Would you say that you are more of a slow and steady kind of guy like the Falcon is in the movie or do you think the movie also explores that rivalry between going fast and going slow? (Q from University of Miami)
It’s interesting if you look at the Falcon as juxtaposed to Sam Wilson because even though they are the same person, they are very different people. If you look at Sam Wilson, he’s more like me. I’m the type of guy where slow and steady wins the race and I think that I’ve shown that in my career. I’d rather be a small role in great movie then the lead of an awful movie. I feel like oil always rises to the top and that’s kind of how I’ve lived my life, but if you look at the Falcon, it’s like “Get it hard, get it now!” That’s what I love about this character, he has no fear, he has no boundaries, he’s a morally defined superhero and I think that’s something all of us aspire to be.
If the Falcon’s movements and flying doesn’t work, the movie doesn’t work. It was so fluid, and natural, like at the scene when he landed. Can you talk about the experience of doing that [flying]?
Well first of all, that was really me landing, so thank you [laughs] because I thought I looked pretty stupid. It was extremely difficult. I have a great stunt man, this guy named Aaron Tony, and literally in every movie I do, I don’t care if I have to walk and look cool, I call him and get him on the movie because he works it all out for months. He’s like a martial arts black belt, jiu jitsu expert like hands registered as weapons, three-touch-kill-you type of guy. He works for months on these stunts, and I show up and we work for like 2 to 3 weeks. We did it for Abraham Lincoln, for every movie I’ve done that’s heavy in action, he works all of this stuff out, breaks bones and I show up and he sets it to me like dance, and with this movie is the exact same thing. He worked me out, he stretched me out, got me fit and literally every time I got up there.. there’s literally nothing in human nature that works as landing like a bird, you know you have to bring your entire torso and legs under you so you can land and then move. We had so many sequences like that it was just figuring out how to work that out with my body. For the flying stuff, they developed this 4 point harness which is basically when you see like The Matrix. They put you in like a body suit and hook wires to it and just float you around. I had a pick on each leg and on my shoulders so I could move in either direction. They could move me vertically, laterally and they could swing me in any direction, so all that stuff when I’m going under the plane, I was actually doing that, and that’s why when you see it in the movie it looks so good. The Russos decided that they wanted to use as little CGI as possible, so they put the actors in a position where we had to do our own stunts and luckily we were up for the challenge. It worked out really well, a few bumps and bruises, but it looks real because a lot of it was real, and the wings were CGI. That’s just Marvel spending the money in the right places. Those wings.. I was like “I’ll sign into the movie, just don’t make me look stupid” and I feel like if any other studio would have made the movie those wings would have looked really stupid. They worked on it. That’s why they take a year to make a movie.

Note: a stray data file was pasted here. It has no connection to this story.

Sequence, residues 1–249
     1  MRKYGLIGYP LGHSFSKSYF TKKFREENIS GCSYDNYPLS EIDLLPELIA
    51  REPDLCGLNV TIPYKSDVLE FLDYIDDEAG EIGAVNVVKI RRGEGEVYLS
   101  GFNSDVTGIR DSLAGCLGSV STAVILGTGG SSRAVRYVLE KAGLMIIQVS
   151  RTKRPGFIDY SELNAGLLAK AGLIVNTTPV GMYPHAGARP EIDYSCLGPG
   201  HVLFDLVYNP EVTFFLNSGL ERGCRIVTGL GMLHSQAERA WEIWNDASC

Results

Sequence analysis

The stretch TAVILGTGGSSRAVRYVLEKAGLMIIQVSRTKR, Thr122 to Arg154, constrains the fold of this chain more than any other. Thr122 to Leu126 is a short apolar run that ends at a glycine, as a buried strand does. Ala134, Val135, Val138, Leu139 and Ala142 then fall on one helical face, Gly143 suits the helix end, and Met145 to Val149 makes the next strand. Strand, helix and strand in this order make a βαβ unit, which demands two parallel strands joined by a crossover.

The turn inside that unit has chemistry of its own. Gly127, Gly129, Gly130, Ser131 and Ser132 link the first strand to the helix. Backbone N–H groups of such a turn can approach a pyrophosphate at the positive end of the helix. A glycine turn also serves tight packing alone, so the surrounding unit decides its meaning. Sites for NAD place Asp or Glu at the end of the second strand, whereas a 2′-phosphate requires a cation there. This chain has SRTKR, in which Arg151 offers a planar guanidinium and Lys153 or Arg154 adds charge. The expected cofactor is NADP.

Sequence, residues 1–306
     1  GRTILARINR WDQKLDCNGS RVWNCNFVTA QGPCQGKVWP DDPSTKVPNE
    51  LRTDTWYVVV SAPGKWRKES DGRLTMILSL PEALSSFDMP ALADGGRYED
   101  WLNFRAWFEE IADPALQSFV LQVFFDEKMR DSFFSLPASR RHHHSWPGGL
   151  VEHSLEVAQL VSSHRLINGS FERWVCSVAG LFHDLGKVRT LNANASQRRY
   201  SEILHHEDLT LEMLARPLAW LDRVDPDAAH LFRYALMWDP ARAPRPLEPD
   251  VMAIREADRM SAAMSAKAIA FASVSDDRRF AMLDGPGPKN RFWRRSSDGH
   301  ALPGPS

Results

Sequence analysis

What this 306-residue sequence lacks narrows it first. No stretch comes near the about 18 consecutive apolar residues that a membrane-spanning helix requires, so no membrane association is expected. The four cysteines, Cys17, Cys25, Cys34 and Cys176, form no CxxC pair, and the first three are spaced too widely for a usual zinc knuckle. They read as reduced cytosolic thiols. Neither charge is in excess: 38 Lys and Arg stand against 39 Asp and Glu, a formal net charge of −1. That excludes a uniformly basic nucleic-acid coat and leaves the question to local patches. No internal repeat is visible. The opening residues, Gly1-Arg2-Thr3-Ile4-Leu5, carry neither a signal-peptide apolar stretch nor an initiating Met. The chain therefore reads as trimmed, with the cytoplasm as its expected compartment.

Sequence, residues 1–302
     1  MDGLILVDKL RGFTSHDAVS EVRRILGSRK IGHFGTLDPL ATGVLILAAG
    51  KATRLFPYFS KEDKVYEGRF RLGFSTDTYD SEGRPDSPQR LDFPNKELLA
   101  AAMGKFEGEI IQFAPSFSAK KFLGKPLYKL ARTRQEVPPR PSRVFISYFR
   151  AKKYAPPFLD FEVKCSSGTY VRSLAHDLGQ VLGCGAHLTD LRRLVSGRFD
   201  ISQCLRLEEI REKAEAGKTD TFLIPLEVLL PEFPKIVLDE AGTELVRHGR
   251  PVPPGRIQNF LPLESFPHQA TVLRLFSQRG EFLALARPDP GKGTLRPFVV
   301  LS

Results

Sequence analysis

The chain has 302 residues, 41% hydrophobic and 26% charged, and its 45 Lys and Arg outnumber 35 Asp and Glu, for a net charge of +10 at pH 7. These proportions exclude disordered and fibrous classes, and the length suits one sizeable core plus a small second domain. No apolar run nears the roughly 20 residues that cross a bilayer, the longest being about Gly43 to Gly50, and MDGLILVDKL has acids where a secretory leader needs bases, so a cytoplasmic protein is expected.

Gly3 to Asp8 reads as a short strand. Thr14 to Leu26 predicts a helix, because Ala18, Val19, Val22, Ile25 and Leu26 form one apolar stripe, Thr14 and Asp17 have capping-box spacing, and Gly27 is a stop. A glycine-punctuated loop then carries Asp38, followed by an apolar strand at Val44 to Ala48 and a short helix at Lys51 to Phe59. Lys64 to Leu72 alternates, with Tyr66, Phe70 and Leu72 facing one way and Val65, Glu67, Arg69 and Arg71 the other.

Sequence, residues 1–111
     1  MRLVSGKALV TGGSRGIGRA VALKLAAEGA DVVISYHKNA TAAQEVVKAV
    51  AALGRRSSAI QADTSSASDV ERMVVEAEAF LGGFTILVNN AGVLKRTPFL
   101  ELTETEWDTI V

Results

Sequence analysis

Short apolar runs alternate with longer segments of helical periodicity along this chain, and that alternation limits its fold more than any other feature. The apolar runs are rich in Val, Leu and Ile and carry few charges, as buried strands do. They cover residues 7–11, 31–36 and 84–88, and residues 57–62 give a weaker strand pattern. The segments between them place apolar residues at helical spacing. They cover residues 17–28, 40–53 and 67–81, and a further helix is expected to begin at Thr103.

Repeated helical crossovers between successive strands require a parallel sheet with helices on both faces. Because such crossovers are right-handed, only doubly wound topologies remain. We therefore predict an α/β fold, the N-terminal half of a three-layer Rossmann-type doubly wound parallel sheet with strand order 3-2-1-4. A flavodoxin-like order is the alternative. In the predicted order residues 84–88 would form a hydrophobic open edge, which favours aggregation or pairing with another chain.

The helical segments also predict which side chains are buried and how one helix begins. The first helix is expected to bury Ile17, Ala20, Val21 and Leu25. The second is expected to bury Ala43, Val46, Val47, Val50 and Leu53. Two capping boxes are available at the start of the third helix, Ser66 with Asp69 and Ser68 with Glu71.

What was the most challenging part of doing the movie?
The most challenging part of the movie was fear, like I’m a certified skydiver, I have over 25 jumps under my belt and I never realized the difference between jumping and coming towards the ground, feet first as opposed to face first. Very different. So the idea is that jumping out of the plane you see your feet so you can brace yourself, but when you’re flying everything is like [points face towards ground] so overcoming that fear the first day of shooting helped me out a lot. Once again, my stunt man was there. There’s a scene where I’m supposed to fly down, get Cap and turn around and bring him back up. So they put my stuntman 300 feet in the air on a crane. They said “Alright Anthony, we’re gonna take you up, we want you to do a backflip and come straight down face inverted to the ground and we’re going to drop you 5 feet from the ground” and I said “Aaron Tony!” [laughs], so they put him up and literally I’m watching him and he does a backflip, picks up Cap and they just let him go. Those are the type of stunts that made it work that I couldn’t do. I tried it from 50 feet and I screamed and they were like “Alright, you’re never doing this again”. The Russo’s come up to me and say “Well, you know, The Falcon can’t scream” [laughs] so I was like “Alright, let’s do this again” and they dropped me and I’m like [screams] those were my sadder moments [laughs].
I’ve seen quite a few of your roles, this has to be one of your funnest roles so far. (Q from GastricGeek)
Definitely. I’ve known Sam [Samuel L. Jackson] for a long time, he’s my mentor for like 8 years, and I’ve known Chris [Evans] this is the third movie we’ve done together, I’ve known Sebastian [Stan] for a long time, I’ve known [Robert] Redford for almost 10 years and there’s nothing like showing up to work knowing that the movie is going to be good. As an actor, there’s so many people that have a hand in making the movies, and you never know if it’s going to be good or bad. Usually, as an actor, you have an idea of who the character is, the director has an idea of what the story is, but then you have to deal with the producers, the studio, the editors, so by the time the movie comes out you have no idea what’s going to be on the screen. Working with Marvel and what’s so great about it is that every movie they put out is a good movie. They have good taste. So that’s why, literally, when I got that many chips I was like “I want to be in a Marvel movie” because you know it’s going to be a good project. So you show up for work and it takes all the pressure off, and you can have a good time and do stuff like jump of a crane! Because I know I look stupid, but they’re gonna make it look good! And if the movie doesn’t work, they’ll go back and reshoot it and make it work. They’re not gonna spend the money on trailers and lunch, they’re gonna spend the money on CGI so those wings look REALLY cool. That’s why it was shits and giggles, “I’m in! I’m in! Whatever you need me to do!”. It was a good time all the way around.